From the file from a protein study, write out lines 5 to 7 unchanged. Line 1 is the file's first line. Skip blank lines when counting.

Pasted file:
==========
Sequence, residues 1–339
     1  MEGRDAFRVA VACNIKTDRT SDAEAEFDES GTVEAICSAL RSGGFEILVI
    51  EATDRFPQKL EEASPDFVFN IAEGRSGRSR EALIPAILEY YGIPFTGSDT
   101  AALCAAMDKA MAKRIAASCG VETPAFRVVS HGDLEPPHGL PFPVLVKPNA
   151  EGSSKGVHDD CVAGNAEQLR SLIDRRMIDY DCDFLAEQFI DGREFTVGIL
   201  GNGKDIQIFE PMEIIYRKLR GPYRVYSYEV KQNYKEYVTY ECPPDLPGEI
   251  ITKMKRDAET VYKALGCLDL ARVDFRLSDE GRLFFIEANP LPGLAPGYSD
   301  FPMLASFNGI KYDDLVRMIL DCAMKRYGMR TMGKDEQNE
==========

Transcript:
   151  EGSSKGVHDD CVAGNAEQLR SLIDRRMIDY DCDFLAEQFI DGREFTVGIL
   201  GNGKDIQIFE PMEIIYRKLR GPYRVYSYEV KQNYKEYVTY ECPPDLPGEI
   251  ITKMKRDAET VYKALGCLDL ARVDFRLSDE GRLFFIEANP LPGLAPGYSD